Looks like scum, feels like heaven.

Looks like scum, feels like heaven.
Photo: Sarah Steimer

It’s always a nice little anecdote when people talk about getting in touch with their heritage through food: feeling grandma’s influence in a tamale recipe or having a sourdough starter passed down through generations. I can’t say I’ve ever been propelled through ancestral space and time by food or drink—maybe because my own grandma’s signature dish was celery suspended in lime Jell-O. But that all changed when I went to a beer spa.

To be clear, my people have been in the US for a very, very long time (again, we are gelatin enthusiasts). But sitting in a sauna and drinking from a stein roughly the circumference of my thigh, I felt the approval of my Finnish ancestors flood my very open pores. From everything I’ve read, those Nords are big believers in knocking back a few cold ones while sitting in cedar-lined toaster ovens.

The sauna was the first of the three-part spa experience I had at Piva Beer Spa in Chicago. I have a running list of spa treatments I like to suggest to a friend of mine for a podcast we’ll never actually record. He hates being touched and spending money on himself; the podcast is called Self Scare. In the name of field research, I went to Piva.

What is a beer spa?

The first thing I want to emphasize is that this is not some sort of scammy, beer-themed bro bathhouse where you’re putting cold bottle caps over your eyes instead of cucumber slices or having beer cans rolled over your back as a massage. (Although these are both good ideas and I will sell them to the right entrepreneur.)

A beer soak is actually an ancient practice from Eastern Europe, especially in the Czech Republic. For centuries, people have soaked in oak hot tubs full of beer in the name of stress release, better skin, and detoxing. There’s even medical evidence to back up the claims: Extracts from barley, hops, and yeasts “have been shown to possess various anti-bacterial, anti-inflammatory, anti-oxidative, anti-angiogenic, anti-melanogenic, anti-osteoporotic and anti-carcinogenic effects.”

When I arrived at the spa mid-afternoon, I was led by the owner to the locker room and given a purple waffle-weave robe (classy!). I was offered either a beer or water (lol) and led to the sauna.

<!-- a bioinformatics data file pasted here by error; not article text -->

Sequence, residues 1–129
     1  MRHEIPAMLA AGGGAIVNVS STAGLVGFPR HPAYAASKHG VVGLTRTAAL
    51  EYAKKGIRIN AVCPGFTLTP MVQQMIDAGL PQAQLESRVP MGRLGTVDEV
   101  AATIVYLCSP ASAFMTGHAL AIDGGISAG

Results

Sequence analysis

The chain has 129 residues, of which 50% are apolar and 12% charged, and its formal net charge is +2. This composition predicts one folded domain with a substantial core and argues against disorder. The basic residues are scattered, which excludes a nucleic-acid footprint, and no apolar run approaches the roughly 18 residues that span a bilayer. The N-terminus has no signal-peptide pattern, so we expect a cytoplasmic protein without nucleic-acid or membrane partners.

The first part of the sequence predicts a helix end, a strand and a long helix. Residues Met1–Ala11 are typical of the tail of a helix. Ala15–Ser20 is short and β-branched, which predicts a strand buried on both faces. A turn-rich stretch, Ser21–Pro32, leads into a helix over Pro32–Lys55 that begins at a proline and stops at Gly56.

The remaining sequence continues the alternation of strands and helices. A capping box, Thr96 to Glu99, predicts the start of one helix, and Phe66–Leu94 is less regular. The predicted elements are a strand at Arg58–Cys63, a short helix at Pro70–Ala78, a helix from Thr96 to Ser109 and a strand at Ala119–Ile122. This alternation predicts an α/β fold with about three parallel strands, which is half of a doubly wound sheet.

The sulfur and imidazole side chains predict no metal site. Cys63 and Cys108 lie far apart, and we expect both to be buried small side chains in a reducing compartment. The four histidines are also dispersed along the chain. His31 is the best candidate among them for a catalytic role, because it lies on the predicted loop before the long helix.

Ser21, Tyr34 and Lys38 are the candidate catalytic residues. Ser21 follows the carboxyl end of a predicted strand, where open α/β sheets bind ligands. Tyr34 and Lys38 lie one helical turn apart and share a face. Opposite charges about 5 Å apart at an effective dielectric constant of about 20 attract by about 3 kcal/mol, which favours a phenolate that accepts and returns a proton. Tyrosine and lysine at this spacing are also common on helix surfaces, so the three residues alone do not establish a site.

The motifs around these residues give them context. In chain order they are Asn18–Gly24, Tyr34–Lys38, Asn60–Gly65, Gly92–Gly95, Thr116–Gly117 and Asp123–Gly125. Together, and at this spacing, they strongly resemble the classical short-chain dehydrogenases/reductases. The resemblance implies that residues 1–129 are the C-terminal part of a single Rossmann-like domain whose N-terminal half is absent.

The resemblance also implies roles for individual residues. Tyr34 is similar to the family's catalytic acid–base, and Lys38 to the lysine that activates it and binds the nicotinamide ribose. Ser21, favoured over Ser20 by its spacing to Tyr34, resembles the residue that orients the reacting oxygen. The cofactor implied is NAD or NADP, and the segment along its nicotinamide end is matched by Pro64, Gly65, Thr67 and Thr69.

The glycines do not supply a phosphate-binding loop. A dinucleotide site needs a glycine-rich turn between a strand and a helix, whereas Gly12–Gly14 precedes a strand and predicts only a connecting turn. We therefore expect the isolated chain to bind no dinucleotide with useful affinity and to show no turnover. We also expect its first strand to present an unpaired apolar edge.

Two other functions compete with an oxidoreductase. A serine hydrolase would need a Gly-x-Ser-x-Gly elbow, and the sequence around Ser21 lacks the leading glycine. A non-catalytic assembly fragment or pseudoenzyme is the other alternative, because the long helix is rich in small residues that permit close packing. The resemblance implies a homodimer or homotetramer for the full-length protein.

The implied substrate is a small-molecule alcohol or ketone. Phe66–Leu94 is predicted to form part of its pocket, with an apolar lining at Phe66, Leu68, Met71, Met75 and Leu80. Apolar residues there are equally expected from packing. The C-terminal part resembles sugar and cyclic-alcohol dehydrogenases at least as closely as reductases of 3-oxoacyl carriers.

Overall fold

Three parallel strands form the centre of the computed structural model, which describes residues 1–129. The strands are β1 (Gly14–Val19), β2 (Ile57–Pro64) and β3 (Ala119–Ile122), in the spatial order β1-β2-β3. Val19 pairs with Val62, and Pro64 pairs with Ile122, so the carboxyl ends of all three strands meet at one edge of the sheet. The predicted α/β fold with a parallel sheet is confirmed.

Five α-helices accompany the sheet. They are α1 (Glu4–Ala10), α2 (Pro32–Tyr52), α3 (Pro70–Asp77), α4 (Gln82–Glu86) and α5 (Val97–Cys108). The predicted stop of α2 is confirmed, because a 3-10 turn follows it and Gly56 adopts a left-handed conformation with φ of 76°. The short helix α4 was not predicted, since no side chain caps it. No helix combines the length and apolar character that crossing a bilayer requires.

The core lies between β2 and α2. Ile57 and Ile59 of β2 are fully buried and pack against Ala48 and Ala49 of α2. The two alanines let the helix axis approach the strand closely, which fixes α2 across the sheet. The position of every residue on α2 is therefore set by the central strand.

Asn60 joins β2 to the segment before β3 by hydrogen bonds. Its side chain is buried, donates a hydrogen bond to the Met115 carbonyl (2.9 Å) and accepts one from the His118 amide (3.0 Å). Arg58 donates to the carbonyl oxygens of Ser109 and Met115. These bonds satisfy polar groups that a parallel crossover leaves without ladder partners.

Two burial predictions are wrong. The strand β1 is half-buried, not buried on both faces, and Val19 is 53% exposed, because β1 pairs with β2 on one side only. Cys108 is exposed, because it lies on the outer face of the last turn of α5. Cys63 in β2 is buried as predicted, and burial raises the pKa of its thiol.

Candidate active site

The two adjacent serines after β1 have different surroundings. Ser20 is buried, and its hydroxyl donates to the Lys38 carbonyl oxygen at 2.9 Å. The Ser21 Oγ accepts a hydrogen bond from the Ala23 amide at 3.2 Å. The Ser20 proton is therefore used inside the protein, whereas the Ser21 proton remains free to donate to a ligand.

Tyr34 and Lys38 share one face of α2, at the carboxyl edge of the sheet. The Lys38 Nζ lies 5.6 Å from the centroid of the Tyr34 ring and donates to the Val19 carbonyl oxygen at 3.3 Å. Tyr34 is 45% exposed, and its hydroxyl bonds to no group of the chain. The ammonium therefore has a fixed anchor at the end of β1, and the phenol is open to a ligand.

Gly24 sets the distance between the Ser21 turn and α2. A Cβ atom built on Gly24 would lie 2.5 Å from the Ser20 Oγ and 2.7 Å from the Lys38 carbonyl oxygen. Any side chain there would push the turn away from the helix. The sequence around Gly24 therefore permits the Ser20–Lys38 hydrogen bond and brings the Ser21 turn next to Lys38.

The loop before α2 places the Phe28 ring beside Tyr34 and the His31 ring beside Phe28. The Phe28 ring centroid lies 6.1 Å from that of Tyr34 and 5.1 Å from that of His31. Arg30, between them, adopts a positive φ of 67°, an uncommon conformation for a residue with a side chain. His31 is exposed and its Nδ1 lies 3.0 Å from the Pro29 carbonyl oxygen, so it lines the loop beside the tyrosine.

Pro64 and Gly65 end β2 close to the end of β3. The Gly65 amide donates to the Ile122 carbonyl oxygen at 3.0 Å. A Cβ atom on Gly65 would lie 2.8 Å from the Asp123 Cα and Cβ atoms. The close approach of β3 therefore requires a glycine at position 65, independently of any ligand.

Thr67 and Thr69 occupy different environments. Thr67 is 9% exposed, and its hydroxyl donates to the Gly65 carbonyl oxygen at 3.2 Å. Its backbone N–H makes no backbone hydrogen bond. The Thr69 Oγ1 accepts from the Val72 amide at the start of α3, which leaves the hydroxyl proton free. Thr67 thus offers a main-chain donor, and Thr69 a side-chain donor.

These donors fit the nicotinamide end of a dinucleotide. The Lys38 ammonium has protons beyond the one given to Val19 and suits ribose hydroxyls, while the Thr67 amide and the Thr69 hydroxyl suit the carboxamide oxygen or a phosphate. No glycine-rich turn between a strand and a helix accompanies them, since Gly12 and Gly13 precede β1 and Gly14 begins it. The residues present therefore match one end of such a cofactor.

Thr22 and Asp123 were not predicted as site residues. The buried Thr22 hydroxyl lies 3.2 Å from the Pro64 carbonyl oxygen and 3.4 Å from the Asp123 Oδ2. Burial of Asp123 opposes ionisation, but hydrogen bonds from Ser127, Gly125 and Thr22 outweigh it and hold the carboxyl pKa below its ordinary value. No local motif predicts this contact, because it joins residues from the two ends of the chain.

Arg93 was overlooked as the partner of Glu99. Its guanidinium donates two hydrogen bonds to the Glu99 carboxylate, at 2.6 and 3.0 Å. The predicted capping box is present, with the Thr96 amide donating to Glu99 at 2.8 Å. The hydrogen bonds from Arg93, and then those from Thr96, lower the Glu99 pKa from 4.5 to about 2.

I wasn’t entirely sure what to do with my beer at this point: Was I supposed to risk it getting warm while I schvitzed? My limited knowledge of Finland told me this should be fine. They are known enthusiasts of: beers both in and out of the sauna, training some of the finest goaltenders in hockey, and having prime ministers who look cool as hell at music festivals (I would date this entire country!).

Hot sauna, cold beer.

Hot sauna, cold beer.
Image: Sarah Steimer

More importantly, the wooden beer stein was built for the sauna; it remained easy to grip while my palm got sweatier by the second. That’s just practical self-care. [Ancestral approval intensifies.]

Next step was the steam room—where I did forgo bringing my beer in with me—and then on to the main event: the half-hour beer soak.

What it feels like to soak your whole body in beer

Before I got in (and got a refill on the Urquell) the owner ran down the list of benefits of a beer soak again, along with the bath’s ingredients, which in addition to being 15-20% Czech beer included B vitamins, saccharides, yeast, herbs, and hops. He told me not to shower for at least two hours after the soak to fully let the beer work its magic, then plopped a complimentary CBD bath bomb into the 98-degree liquid. [Ancestral confusion deepens.]

The wooden tub mimicked my stein, like I was coddled within a boozy Russian nesting doll. On a little table to my right was a summery cheese tray that included strawberries, grape tomatoes, watermelon cubes, and cucumbers. The photos I’d seen online showed a fat soft pretzel, and frankly I was glad that was missing. That could take it too far into the tacky, overly themed beer territory. (Okay, last idea for that sort of spa, though: a head-massaging beer helmet).

The beer soak room.

The beer soak room.
Image: Sarah Steimer

Let me address a few questions my friends had for me, which I assume readers also have:

  • The bath did not really have a strong beer smell, maybe just a hint of hops.
  • It didn’t feel carbonated or bubbly, either, just really smooth. More like a flat, medium-bodied beer.
  • No, it did not bother my extremely sensitive skin. In fact, my skin absolutely felt even a little better afterward, and slightly softer.
  • It did not give me a yeast infection. (This was the most common question.)

On my way out I thanked the owner profusely and strolled down the street in a bit of a haze. Maybe it was the two giant pilsners with little more than a light cheese tray in me, but I did legitimately feel deeply relaxed for several hours after leaving. Keep your milk baths, Cleopatra—we’ll take a seat in the suds.

 

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